Nightmares on Wax – Smoker’s Delight – 12″ LP
If you are not sure which way this review is going to go, even after viewing the title of the LP, then continue to read; otherwise, you know the deal – just take this as a sign for you to let it rest on your turntable for a minute. Chances are you’ll probably feel like an idiot for having taken it off in the first place).
OK. Now that I’m writing for those who have never heard this album, listen closely. This album, no matter who you are, regardless of age, sex and so forth, will move you. I got sucked into it through a Quincy Jones whirlwind; remember the song “Summer in the City?” Turns out Quincy had his own arrangement of it, which produced an interesting loop sampled by the Pharcyde on 1992’s unforgettable “Passing Me By.”
If you don’t know that song, stop reading and go ask someone to punch you in the face. Anyway, long story short, Nightmares on Wax sampled that loop too, but way back, well, only a year before – anyway, that’s not the point. The point here is that that one little loop sold hundreds of thousands of records for the Pharcyde, but had already been perfected on “Nights Interlude” by N.O.W. (which is infinitely more complex) a year earlier. Now, not to take anything away from Pharcyde, their LP, Bizarre Ride 2 the Pharcyde, is a masterpiece (check it out), but that just shows the ear that’s producing Nightmares on Wax’s music, one that can pick out loops for everlasting head nodding. I’m writing this review to the beat of my head nods, I shit you not.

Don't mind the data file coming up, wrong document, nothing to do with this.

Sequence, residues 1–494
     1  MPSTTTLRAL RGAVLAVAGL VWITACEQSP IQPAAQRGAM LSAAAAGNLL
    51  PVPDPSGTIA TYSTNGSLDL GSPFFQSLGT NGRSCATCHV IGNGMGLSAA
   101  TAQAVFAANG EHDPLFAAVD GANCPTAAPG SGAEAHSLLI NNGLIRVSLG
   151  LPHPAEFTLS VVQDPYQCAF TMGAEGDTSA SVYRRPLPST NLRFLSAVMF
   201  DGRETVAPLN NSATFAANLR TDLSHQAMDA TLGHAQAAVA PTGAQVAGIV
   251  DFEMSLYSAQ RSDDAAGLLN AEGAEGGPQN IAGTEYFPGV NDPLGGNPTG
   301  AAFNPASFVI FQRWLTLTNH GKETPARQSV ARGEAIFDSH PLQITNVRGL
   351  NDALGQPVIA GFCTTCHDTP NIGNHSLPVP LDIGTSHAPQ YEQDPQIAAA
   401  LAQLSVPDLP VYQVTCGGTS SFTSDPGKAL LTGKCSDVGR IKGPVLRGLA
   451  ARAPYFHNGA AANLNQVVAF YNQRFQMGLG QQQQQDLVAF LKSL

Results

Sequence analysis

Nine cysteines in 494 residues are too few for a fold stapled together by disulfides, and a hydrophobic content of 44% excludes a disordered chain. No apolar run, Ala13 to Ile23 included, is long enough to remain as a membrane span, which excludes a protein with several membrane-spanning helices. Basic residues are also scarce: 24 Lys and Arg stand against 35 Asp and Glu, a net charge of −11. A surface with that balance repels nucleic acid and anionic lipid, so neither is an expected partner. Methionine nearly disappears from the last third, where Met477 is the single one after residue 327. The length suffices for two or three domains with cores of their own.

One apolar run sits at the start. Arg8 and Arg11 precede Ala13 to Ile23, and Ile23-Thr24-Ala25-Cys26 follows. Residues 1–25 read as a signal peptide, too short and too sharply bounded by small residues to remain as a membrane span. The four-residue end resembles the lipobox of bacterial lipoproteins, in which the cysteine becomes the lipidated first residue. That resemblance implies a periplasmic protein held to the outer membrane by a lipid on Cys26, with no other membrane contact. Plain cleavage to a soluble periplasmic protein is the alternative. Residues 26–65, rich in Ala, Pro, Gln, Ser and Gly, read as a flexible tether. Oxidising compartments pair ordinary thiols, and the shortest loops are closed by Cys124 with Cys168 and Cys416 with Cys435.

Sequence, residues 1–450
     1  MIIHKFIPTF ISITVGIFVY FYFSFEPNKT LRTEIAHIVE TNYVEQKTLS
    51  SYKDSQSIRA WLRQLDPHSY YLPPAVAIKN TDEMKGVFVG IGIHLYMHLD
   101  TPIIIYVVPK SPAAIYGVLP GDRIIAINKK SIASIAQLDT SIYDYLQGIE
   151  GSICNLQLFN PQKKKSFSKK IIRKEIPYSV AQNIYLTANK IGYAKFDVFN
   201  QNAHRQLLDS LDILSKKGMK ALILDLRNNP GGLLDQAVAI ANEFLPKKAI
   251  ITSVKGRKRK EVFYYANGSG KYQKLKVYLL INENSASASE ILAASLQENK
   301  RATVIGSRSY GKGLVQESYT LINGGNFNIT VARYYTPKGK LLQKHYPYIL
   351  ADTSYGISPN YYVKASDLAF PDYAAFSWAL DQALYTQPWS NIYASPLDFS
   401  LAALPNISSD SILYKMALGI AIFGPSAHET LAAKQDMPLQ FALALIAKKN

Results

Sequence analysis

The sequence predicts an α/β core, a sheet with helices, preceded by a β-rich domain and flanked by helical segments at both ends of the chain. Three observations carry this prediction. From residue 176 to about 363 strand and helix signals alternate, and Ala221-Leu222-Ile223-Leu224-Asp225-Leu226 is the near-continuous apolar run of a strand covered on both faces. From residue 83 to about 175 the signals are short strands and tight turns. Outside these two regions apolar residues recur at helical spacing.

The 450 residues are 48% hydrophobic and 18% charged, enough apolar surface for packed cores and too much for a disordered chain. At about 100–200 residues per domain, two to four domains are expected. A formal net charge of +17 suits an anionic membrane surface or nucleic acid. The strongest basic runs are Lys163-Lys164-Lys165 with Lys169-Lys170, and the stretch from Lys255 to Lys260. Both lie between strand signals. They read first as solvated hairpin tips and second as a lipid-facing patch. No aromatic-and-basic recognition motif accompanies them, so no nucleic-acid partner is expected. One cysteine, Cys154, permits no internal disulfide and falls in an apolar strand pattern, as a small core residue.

So, if you can even remember the tune to “Passing Me By,” buy this record, period. If you are still clueless, still go pick it up. If you don’t like it, come see me for a refund.
PS – it’ll really be hard to pay attention during your third attempt at CIS 120 with a record stuck in your colon.
Marvin Gaye – Trouble Man: Soundtrack – 12″ LP
(Good luck finding this one on vinyl)
You: “I know that guy……”Let’s Get It On,” right?” followed by some slight humming/singing.
If this is what you’re thinking/doing, then you really don’t “know that guy.” Millions of people know your Marvin Gaye. Probably 90 percent of them, however, have never listened to his song “Trouble Man,” and of the remaining 10 percent, maybe one percent actually knows the story behind the song.
As the years press on, and more and more things come in and out of style, to the point that we’ve completely buried the now shriveled, lifeless body of pop music, then, I think, quite a few more of those millions are going to realize something: That, maybe (just maybe) back when pop music was made by musicians, there was something more to it; like, talent and creativity for one. All you need to hear from this soundtrack, (Marvin wrote every note and produced every sound) without knowing that it dropped in 1972, is the song “T Plays it Cool.” Then you’ll realize that everything you’re hearing now isn’t new, it’s all been done, reworked, and ultimately ruined.
The rest of the album is stellar as well, haunting piano, rich strings, beautifully orchestrated melodies plus…Marvin. Goddamn! Find this one if you can.
Sven Barth can be reached by his honeys at all times.